The military told us that they would hand over and the man in the picture also said ‘please go in, they are my friends’. Beyond that point it would have been irresponsible of me to say no. I took it as divine call and with few things like National Housing Programme which I launched with the full support of Abacha, we wanted to build 123,000 houses, but before I left  we built 38,000.

Your stay in that government eventually pitted you against your Afenifere colleagues.
It never pitted me against anybody. I left the government after 14 months

You left or you were sacked?
Well, I left because I was not sacked. Abacha just announced one morning there was cabinet reshuffle and I was dropped. In those 14 months, we did what we could. Some of my friends held a meeting, moved a motion among themselves that we should leave the government. I rejected that because those of us in government should have been invited to answer questions if they had questions to ask. I was not the only one. There was Ebenezer Babatope, Osomo, Dr Olu Onagoruwa and myself. They did not ask any of us for what they thought was wrong before saying ‘leave the government’, not only that, they said Yoruba should leave the government.

Apart from the injustice which these people committed, I believe it was wrong to have asked Yoruba to leave the government because if Yoruba left the government, the government would go on. I felt the procedure they adopted was wrong. If they thought we were wrong, they should have called us.

Maybe they knew that Abacha was no longer going to hand over to Abiola which was the primary motive of pushing you into the government.
Nobody could have known. Abacha during the 14 months I was there  was pro-Abiola but I also knew that he was under pressure by his military colleagues. They too had groups and there was a particular group that wanted Abacha to carry on even promising him being life president.

So when Abacha did what he did, reshuffled the cabinet, I thanked God for him because I knew he was under pressure. Eventually this group took over Abacha and I am sure this must have led to his disaster. So, their telling us to leave the government was a wrong decision and a wrong demand.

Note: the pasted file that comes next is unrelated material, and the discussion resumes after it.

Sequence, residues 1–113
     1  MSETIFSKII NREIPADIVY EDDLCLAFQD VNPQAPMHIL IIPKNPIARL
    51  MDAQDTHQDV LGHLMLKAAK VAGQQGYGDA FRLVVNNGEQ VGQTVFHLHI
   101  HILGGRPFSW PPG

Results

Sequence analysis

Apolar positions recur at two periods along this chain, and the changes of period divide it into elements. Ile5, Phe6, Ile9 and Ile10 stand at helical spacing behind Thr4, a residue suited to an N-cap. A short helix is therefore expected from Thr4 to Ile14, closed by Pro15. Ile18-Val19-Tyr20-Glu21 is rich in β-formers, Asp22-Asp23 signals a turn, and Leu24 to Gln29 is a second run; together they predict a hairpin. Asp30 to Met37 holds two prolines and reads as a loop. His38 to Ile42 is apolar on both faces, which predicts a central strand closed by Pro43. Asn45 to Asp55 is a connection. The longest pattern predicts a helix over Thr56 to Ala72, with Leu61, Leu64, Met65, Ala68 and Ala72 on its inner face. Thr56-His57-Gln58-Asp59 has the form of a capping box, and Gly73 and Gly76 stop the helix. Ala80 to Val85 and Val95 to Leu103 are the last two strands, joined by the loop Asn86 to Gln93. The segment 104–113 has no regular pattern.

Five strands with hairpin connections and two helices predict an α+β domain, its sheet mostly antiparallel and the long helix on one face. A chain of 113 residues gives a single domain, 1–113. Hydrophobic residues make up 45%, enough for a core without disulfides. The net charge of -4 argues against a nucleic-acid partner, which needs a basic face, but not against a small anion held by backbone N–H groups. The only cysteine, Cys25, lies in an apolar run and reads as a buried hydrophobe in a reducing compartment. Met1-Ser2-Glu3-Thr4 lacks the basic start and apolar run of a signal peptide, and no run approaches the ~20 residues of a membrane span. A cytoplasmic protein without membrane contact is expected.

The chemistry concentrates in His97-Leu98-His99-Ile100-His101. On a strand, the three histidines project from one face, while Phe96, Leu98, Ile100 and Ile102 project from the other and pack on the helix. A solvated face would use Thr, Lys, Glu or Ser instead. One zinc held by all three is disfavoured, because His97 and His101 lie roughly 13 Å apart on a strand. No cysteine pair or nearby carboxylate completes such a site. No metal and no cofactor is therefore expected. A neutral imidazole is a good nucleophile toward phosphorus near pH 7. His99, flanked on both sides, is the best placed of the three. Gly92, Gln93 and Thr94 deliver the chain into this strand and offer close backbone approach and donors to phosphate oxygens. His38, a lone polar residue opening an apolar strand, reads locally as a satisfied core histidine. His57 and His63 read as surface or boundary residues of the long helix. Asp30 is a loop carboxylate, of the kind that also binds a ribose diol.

What kind of person was Abacha when you were there. Billions of naira were allegedly stolen by him?
Quite frankly, whatever happened in that respect happened after I left and I believe that Abacha was well meant. The first meeting I held with the government, they had not appointed ministers then, Abacha announced that I was the chairman of the economic committee of the government in addition to being minister of works and housing. When I took over as chairman of the economic committee, I ordered serious restrictions.

I called down the deficit budget that we had and restricted even the president to awarding contract without due consent and even the consent must be within the limit of the budget. There was a firm budget control. He did not strike me as a thief because all the things I brought in were accepted. It must be that  after I left, they took him over because these billions of naira they are now talking about, there was no way  anybody could have taken even one million out of the public fund at the time I was there, no way.

How about your assessment  of    Obasanjo leadership?
Obasanjo was a bad leader because I did not see his contribution to any good of  the country. As far as I know, he did not have any programme. Obasanjo came in by accident through Murtala Muhammed. Murtala was the prime mover. Murtala became popular because of certain measures he took. I can’t point out even now at any measure by Obasanjo which can affect the people positively.

But I know that Obasanjo took nobody’s advice. He was his own adviser and I think that must have been the cause of the disaster he created. He did not do well for this country because he wasted that period which belonged to the west. He was full of himself and he did not care enough for the Nigerian people.

There was a race to  succeed Chief Awolowo shortly after he died. We had thought you were going to succeed him as you were known as Baba Kekere. The race we learnt was between you and the late Bola Ige. What happened?

It is normal for people to think who succeeds who. Chief Awolowo, in his own way, was commissioning the Amuwo-Odofin Housing Estate which is still there today. I asked him to come and commission it for us, that was where he went out of the way to give me the title Baba Kekere. And here Baba Kekere in Oyo culture was next to the Alaafin of Oyo which of course led to many gossips. But he himself never put  anybody, he only expressed his mind, that as far as implementation of measures, what we all agreed about his concerns, he felt I was next to him. But I told my colleagues particularly after Awolowo’s death that ‘it was not my fault that Baba named me Baba Kekere, and did not give any of you any title, please be patient, when Baba comes back, I will ask him to give you your title’.